© Guardian photo by Steve Sharratt
Steve Jones, right of Sturgeon credits Scott Jackson with saving his life after Jones was trapped in his overturned truck in a brook last week. "I'm sure if he hadn't stopped,'' says Jackson, "I wouldn't be here today.''
Scott Jackson just had to turn back.
The 47-year-old Murray Harbour North resident was driving on Route 17 in Lower Montague last week with his 16-year-old daughter Bailey.
Something caught his eye. He drove a short distance but couldn’t shake the image as being out of the ordinary.
“I saw snow on the road and it looked to me like something hit the guardrail or some activity that shouldn’t be there,’’ he says. “My gut feeling told me I should turn around.’’
So he did.
He and his daughter got out of the truck where the fresh snow was sprayed across the road.
Bailey shone a flashlight down a steep embankment. Jackson saw something shiny. It was an aluminum wheel.
The pair ran down the hill towards a truck that was overturned in a brook.
The truck’s driver, Steve Jones, 59, of Sturgeon, was trapped inside the vehicle with all but his head completely submerged in the cold, fast running water.
There was no way for Jackson and his daughter to get the man out of the truck.
“I tried my darndest,’’ he says. “I was pretty helpless.’’
Jackson called 911 while Bailey talked to Jones.
Knowing help was on the way, Jones, who had fought with all his might to remain conscious for upwards of 90 minutes, simply blacked out.
“I don’t remember anything (after that) until I woke up in the hospital the next day,’’ he told The Guardian Thursday in an interview from his home.
What Jones does remember is driving home from shopping on Jan. 2 when he swerved to avoid an oncoming car that had crossed the line. Jones caught some ice and plunged down the hill into the brook. He was pinned inside his truck. As time passed, he feared the worse.
“When the water starts coming in, you think you are not going to walk away from it,’’ he says.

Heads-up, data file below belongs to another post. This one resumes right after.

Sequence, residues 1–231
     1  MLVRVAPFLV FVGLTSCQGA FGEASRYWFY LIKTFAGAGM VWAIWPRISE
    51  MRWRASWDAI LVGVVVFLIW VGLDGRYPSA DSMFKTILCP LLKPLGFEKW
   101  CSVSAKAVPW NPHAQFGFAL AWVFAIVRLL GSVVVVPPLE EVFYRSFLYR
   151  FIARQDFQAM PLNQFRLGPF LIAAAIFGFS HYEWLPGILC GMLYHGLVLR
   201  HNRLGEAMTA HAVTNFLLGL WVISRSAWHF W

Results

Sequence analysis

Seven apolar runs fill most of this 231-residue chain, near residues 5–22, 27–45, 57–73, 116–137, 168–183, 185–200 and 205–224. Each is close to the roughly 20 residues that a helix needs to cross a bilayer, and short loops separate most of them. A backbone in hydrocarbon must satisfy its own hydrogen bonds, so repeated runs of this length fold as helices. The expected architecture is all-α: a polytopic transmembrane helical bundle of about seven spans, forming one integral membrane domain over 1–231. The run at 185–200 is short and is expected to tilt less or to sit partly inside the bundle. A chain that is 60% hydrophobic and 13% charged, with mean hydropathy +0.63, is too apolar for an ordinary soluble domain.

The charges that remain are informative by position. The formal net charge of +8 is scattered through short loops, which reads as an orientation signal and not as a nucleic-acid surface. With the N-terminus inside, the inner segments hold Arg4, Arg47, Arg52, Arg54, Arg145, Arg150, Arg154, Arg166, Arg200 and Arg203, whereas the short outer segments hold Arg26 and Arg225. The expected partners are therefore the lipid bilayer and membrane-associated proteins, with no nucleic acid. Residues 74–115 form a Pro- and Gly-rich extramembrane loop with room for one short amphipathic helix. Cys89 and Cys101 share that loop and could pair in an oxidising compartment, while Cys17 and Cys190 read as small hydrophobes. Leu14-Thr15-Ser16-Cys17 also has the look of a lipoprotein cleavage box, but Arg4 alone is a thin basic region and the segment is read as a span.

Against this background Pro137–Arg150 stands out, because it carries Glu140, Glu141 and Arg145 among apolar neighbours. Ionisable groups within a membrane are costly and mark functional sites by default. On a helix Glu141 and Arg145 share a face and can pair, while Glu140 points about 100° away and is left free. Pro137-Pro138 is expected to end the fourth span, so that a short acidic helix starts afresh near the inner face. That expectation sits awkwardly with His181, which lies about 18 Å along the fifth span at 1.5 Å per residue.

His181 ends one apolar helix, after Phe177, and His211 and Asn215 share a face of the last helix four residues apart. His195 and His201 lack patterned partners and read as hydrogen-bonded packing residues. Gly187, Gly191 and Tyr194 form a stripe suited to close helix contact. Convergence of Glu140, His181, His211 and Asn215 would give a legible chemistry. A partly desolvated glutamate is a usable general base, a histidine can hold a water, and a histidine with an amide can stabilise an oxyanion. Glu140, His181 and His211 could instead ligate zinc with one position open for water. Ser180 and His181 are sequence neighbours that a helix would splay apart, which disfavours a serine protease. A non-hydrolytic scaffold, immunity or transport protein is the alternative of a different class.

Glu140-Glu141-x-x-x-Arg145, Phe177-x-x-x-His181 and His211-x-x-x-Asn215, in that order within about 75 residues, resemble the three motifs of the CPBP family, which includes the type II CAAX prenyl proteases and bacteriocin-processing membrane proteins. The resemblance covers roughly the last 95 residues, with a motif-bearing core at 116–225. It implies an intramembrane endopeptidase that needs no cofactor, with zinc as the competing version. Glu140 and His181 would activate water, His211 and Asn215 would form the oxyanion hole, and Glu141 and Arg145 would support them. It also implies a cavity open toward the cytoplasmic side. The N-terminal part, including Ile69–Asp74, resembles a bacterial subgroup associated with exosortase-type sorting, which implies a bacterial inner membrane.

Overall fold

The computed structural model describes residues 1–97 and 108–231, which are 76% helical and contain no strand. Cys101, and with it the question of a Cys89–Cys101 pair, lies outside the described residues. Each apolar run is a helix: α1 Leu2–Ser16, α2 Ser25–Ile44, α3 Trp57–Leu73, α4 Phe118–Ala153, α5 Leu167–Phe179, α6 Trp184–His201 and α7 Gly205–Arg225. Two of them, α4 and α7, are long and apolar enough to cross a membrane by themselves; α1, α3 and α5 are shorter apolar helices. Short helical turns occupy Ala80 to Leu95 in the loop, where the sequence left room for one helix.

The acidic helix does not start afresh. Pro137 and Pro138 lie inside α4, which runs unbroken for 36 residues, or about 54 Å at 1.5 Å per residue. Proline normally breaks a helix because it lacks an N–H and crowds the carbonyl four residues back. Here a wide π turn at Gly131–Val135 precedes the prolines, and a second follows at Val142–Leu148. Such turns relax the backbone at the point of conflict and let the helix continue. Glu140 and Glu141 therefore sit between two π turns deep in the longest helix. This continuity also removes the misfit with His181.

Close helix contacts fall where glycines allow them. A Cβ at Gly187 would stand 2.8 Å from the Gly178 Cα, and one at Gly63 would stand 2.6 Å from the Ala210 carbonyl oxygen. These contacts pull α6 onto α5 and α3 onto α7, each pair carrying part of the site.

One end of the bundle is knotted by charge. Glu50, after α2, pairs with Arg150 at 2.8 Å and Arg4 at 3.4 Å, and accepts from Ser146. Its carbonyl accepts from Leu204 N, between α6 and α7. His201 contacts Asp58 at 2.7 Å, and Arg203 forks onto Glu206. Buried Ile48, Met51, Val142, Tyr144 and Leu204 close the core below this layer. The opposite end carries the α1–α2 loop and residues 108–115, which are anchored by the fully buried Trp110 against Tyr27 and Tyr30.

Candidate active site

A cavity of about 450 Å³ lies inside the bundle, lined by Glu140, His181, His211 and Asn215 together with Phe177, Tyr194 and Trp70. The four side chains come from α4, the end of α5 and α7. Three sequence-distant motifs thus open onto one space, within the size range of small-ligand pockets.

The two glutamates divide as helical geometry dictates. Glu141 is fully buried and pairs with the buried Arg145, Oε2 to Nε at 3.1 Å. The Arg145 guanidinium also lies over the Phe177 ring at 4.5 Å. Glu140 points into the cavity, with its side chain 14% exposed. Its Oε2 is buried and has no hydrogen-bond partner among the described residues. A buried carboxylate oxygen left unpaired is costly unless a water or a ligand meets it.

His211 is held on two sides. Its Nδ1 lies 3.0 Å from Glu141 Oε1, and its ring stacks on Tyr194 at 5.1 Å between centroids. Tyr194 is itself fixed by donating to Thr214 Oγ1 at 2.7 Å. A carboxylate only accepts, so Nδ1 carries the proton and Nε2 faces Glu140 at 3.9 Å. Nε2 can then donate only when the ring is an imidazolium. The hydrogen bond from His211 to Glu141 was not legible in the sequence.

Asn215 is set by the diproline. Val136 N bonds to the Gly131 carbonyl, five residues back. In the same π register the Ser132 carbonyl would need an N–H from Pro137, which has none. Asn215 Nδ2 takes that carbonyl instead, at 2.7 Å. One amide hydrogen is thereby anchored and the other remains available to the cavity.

“I was yelling trying to get peoples’ attention. Being down in the gully like that you don’t know if people could see you.’’
Thankfully, Jackson did find him and called for help.
Montague Volunteer Fire Department Deputy Chief Jock Beck followed in his own vehicle as fire trucks raced to the scene. Beck says the determination was quickly made that the truck would need to be lifted to get at the doors to get Jones out.
Time was considered of the essence. Jones needed to be freed from his vehicle as quickly as possible in hopes of preventing hyperthermia dealing a deadly blow.
A tow truck was used to tip the crushed truck over on its side. The doors were popped off using the Jaws-of-Life. Firefighters donning survival suits got in the frigid water and hauled Jones out of the vehicle.
Beck says firefighters and paramedics carried Jones up the steep slope on a backboard.
The clothes on Jones were soaked and starting to freeze. They were removed as paramedics went to work to warm up the victim.
Jones was taken to hospital in Charlottetown to be treated for hyperthermia, fractures in the top of his spine, a gash on the left hand and numerous bumps and bruises.
Paramedics and firefighters have been lauded for their efforts in rescuing Jones.
“To me they did exceptional work there,’’ says RCMP Sgt. Kevin Baillie.
“What they did helped save this man’s life...getting him out in a timely manner.’’
Adds Beck: “The right resources were available for this particular call and everybody did their job.’’
Beck is quick to centre out one key player in particular in the dramatic — and successful — rescue.
“Credit goes to the guy who saw the disturbance in the snow and turned around,’’ he says. “Had it not been for that, the result would have been different.’’
Jackson says he has given a lot of thought over what the outcome may have been if he had not acted on his gut and turned back to find Jones in peril.
“You’ve got to do what you’ve got to do,’’ he says. “You have to help someone as best you can.’’
Jones, who was released from hospital Sunday, is back home on the mend. He is in a neck brace that he will need to wear for about two months.
He is married to Barb Jones and they have three adult sons and two adult stepsons. He expects to spend some time healing his wounds before returning to work at a call centre in Montague.
He has plenty of time to reflect on the frightening incident but also to look back with appreciation on his new lease on life thanks to a host of people ranging from firefighters to paramedics.
“It certainly was quite an ordeal,’’ he says. “I certainly appreciate what they all did.’’
In particular, though, Jones extends his heartfelt gratitude to Jackson for coming to the rescue.
“I’m sure if he hadn’t stopped, I wouldn’t be here today,’’ he says.